Sandy Weill and John Reed: Can Citigroup get in step?
The fans love them both. Weill, the deal maker, is adored by Travelers' employees who hold big stakes in the company. Meanwhile Reed has kept his iron grip on Citibank by juggling his managers and mastering detail. The culture of the two companies is as different as the style of their CEOs. But the combination could be spectacular - if they can make it work. Peter Lee takes in the show.
Anyone wanting to experience at first hand the different styles of Sandy Weill, chairman of Travelers, and John Reed, chairman of Citicorp, could have done worse than attend the annual stockholders' meetings of the two companies, held on consecutive days in late April in New York: their last before the two companies merge later this year to become Citigroup.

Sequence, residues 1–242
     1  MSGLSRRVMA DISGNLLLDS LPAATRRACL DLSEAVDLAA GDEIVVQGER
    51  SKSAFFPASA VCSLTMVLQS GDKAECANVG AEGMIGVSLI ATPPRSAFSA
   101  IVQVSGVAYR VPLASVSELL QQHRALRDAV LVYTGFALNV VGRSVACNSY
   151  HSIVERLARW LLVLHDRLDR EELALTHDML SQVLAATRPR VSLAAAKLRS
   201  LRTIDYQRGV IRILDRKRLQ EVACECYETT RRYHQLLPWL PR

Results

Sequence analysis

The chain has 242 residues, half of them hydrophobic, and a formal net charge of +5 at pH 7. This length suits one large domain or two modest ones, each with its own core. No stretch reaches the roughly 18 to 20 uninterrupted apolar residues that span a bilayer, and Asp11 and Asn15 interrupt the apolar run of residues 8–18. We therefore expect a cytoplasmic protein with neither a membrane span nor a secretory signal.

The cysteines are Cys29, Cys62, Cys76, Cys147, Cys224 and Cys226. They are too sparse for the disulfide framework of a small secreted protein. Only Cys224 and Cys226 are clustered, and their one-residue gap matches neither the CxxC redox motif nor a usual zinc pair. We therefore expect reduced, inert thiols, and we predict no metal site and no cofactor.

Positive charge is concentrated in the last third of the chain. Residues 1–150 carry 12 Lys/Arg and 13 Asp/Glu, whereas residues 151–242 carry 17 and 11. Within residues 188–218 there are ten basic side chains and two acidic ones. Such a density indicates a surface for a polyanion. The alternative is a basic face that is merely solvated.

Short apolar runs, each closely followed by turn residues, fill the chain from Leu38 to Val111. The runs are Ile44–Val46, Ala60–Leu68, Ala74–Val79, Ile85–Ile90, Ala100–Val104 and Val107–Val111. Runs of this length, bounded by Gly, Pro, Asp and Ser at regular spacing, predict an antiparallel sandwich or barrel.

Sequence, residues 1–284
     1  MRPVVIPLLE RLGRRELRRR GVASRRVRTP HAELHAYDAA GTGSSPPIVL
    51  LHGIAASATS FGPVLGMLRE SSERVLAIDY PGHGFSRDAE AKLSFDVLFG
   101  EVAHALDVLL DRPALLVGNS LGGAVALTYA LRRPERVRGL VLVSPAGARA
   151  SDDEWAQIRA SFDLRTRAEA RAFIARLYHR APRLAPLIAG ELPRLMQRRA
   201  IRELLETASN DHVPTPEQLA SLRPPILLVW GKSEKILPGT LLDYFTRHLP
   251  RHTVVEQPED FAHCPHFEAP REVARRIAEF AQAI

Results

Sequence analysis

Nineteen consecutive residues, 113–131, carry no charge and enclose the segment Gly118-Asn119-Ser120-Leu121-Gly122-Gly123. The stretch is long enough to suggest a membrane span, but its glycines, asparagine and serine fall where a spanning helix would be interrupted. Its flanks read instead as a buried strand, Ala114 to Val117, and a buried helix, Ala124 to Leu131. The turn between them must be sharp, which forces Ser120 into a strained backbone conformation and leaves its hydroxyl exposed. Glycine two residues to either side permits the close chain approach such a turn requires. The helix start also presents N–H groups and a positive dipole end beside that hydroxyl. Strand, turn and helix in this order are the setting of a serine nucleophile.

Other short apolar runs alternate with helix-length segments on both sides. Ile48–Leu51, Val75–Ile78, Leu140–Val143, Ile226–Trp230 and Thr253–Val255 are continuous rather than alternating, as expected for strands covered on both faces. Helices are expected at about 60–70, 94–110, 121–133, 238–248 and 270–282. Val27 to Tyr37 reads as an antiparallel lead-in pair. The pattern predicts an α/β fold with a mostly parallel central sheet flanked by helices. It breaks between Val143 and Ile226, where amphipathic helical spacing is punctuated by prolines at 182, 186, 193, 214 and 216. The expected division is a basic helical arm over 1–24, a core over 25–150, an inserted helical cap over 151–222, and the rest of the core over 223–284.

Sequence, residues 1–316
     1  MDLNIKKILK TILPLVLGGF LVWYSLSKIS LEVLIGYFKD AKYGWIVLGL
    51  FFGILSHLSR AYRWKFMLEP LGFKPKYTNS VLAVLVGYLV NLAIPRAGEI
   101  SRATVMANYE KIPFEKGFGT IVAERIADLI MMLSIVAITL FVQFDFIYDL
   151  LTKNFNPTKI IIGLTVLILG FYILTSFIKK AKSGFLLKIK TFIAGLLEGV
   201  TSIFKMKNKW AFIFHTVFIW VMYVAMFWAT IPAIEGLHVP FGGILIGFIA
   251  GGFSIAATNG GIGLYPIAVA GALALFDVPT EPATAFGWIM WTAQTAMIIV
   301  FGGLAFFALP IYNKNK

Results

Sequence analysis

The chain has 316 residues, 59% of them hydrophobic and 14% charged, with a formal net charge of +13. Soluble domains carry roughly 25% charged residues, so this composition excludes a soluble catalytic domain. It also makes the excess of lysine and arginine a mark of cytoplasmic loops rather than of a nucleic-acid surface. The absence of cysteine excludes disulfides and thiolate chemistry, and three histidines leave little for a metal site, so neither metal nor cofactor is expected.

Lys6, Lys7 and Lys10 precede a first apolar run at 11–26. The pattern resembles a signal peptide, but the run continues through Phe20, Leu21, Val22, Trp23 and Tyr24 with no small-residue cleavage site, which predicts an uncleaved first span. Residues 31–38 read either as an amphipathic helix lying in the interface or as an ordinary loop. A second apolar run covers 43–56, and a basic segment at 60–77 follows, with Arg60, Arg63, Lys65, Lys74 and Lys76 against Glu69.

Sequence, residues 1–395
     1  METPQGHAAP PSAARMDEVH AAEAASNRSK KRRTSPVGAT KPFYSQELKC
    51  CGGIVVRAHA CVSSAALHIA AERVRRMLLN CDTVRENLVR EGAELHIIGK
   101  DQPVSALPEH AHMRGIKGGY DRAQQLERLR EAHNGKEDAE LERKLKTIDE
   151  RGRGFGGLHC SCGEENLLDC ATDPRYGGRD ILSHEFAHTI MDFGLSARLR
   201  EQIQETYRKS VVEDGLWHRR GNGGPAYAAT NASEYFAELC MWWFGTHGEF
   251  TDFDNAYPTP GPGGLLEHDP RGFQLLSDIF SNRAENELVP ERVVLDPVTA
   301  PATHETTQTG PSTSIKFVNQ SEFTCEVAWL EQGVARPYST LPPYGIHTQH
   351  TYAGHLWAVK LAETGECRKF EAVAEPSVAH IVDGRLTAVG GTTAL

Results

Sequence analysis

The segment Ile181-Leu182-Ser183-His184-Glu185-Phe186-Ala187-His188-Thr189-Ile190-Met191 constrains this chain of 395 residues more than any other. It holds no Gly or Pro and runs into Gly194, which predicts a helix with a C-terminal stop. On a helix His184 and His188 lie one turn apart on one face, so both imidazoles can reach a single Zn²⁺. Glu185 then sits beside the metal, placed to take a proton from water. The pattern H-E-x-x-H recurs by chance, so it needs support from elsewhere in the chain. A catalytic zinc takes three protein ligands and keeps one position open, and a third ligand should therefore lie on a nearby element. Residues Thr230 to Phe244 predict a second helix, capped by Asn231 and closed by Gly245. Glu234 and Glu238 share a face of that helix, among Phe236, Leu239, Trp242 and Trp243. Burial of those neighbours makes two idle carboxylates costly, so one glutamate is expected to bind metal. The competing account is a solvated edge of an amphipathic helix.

Citicorp held its meeting in an auditorium in its own headquarters at 399 Park Avenue. It was a low-key, almost dull, affair for a company that had just surprised the financial world by announcing the largest merger in history. Reed himself conducted the formalities with confidence and polish enough, introducing the board directors up for re-election who were seated in the front rows of the auditorium and who stood and turned briefly to the audience.
For most of the meeting, he deflected with politeness, restraint and the odd flash of humour the cranks and pontificating self-publicists who attend these affairs in the US. One stockholder congratulated him for saving money on the merger by not employing investment bankers, a good idea she said "because all you CEOs know each other anyway".